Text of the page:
UN had its first-ever peer review of medical cannabis

Last week, the UN had its first-ever peer review of medical cannabis.

In its review, the UN agency, the World Health Organization (WHO), reported that medical cannabis is a relatively safe drug that can be used as a treatment for a wide range of medical conditions.

The WHO report comprised of 953 medical marijuana patients from 31 different countries. It is estimated that approximately 2.2 million people already use medical marijuana in the United States.

Read the full report HERE.

Most of them were prescribed or recommended to use the drug from doctors.

Some of the common uses of medical marijuana are chronic pain, sleep disturbances, epilepsy, and anxiety.

An analysis of different studies was also in the report.

One of the studies showed that there were a greater number of people, who use marijuana medically to those who use it for recreational purposes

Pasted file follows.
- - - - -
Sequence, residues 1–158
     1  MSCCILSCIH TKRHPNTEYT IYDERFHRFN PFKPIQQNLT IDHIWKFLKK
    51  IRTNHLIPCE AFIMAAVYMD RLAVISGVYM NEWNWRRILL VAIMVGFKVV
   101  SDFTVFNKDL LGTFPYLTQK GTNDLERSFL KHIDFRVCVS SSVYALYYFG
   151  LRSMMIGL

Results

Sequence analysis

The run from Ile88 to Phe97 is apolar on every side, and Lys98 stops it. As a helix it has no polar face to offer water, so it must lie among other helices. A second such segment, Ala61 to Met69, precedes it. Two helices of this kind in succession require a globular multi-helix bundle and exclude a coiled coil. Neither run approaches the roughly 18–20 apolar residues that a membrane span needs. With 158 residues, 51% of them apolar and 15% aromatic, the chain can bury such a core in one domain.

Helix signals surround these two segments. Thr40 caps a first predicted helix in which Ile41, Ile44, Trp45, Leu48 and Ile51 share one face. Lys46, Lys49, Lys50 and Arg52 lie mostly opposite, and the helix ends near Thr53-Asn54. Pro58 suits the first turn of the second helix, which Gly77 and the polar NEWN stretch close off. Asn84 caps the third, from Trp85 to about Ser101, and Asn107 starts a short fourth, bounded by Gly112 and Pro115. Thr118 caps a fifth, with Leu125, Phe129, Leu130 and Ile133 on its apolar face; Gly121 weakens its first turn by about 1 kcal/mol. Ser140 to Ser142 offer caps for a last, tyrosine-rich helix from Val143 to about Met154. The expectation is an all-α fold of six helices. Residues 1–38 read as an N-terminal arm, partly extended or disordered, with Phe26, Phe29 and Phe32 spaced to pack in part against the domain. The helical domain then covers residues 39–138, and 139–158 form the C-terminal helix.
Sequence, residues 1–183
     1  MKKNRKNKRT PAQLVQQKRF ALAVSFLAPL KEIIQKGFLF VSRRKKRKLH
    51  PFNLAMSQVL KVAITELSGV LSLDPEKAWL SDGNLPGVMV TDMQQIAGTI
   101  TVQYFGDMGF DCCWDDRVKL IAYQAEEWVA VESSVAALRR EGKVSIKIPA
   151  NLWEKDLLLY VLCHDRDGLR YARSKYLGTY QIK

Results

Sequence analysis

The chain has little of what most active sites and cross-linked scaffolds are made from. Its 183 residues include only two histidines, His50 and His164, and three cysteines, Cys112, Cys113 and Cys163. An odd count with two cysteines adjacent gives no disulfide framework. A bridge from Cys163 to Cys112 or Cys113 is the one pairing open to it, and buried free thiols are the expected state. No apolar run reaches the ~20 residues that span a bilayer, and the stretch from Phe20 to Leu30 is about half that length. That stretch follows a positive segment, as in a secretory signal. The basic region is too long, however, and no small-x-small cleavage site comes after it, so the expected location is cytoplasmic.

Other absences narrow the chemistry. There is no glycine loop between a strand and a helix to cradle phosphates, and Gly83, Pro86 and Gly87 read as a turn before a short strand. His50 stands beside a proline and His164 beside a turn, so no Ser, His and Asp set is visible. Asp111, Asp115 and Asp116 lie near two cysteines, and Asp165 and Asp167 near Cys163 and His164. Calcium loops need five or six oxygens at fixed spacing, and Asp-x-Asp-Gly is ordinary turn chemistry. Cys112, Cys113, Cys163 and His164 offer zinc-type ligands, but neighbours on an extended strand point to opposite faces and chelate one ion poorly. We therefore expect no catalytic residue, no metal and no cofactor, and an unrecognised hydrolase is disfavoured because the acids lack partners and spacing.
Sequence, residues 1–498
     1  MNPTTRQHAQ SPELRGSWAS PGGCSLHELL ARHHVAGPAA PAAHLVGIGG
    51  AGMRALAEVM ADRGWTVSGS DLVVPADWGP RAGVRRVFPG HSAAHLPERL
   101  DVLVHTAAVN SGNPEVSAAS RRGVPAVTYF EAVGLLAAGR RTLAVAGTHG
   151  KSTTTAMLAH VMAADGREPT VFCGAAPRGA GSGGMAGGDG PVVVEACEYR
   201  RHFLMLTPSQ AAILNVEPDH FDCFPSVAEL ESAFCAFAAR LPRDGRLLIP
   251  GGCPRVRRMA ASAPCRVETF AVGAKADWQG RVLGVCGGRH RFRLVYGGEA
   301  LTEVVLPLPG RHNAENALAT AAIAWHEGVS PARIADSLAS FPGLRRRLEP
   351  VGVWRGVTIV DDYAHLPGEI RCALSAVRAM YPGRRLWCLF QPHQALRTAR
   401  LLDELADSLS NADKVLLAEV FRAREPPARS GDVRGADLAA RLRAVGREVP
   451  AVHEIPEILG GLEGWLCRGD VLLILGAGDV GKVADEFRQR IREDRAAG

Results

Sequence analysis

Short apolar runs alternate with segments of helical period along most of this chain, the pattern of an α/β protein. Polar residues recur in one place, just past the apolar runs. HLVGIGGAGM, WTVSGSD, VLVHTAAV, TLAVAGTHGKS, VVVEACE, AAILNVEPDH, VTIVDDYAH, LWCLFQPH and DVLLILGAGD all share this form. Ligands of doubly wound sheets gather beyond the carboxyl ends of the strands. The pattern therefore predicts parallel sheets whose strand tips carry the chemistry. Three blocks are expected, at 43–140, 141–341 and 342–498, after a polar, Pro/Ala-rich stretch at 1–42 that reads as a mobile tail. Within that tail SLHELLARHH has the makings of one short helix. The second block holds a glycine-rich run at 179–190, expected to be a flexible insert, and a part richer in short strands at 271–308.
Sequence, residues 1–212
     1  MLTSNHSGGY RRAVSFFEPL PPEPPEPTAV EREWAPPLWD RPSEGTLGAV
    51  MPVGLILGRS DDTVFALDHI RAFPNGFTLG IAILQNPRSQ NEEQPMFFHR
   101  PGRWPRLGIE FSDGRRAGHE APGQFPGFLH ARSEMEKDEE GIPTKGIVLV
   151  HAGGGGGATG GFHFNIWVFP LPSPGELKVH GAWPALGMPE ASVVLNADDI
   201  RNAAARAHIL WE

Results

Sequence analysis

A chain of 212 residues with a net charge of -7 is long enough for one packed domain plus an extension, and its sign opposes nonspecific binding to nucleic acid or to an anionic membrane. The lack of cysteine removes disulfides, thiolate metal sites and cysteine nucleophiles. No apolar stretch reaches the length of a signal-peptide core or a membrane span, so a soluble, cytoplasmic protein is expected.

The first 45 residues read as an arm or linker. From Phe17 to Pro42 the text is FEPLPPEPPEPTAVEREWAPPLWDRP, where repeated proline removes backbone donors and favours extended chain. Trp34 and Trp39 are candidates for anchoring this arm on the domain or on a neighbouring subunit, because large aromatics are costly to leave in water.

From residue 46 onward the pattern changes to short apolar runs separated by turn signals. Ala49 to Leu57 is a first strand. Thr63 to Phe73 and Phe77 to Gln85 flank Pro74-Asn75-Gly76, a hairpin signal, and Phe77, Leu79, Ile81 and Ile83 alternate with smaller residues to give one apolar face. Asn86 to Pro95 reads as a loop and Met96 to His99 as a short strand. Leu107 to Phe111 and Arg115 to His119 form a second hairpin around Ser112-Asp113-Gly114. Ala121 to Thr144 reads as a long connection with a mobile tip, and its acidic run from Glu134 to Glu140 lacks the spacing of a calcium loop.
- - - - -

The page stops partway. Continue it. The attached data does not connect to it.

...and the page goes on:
However, another two studies showed there is little to no difference in people who use marijuana for recreational or medical purposes.

Studies show that medical marijuana helps with pain, sleep disturbances, and anxiety (Image via Leafly)

Development in medical marijuana

People who suffer from Parkinson disease have reported that marijuana has helped with their mobile skills.

In addition, clinical trials have shown that vaped marijuana is a treatment for neuropathic pain and pain associated with diabetic peripheral neuropathy.

An increase in appetite and weight gain has been found in HIV/AIDS patients.

Cannabis oil has been found to be a good treatment for people suffering from dementia, motor neuron disease, and neurogenic issues.

Reports also show that marijuana could help to reduce opioid use and addiction.

The FDA has approved two cannabinoids, dronabinol and nabilone in the U.S to reduce the side effects caused by chemotherapy.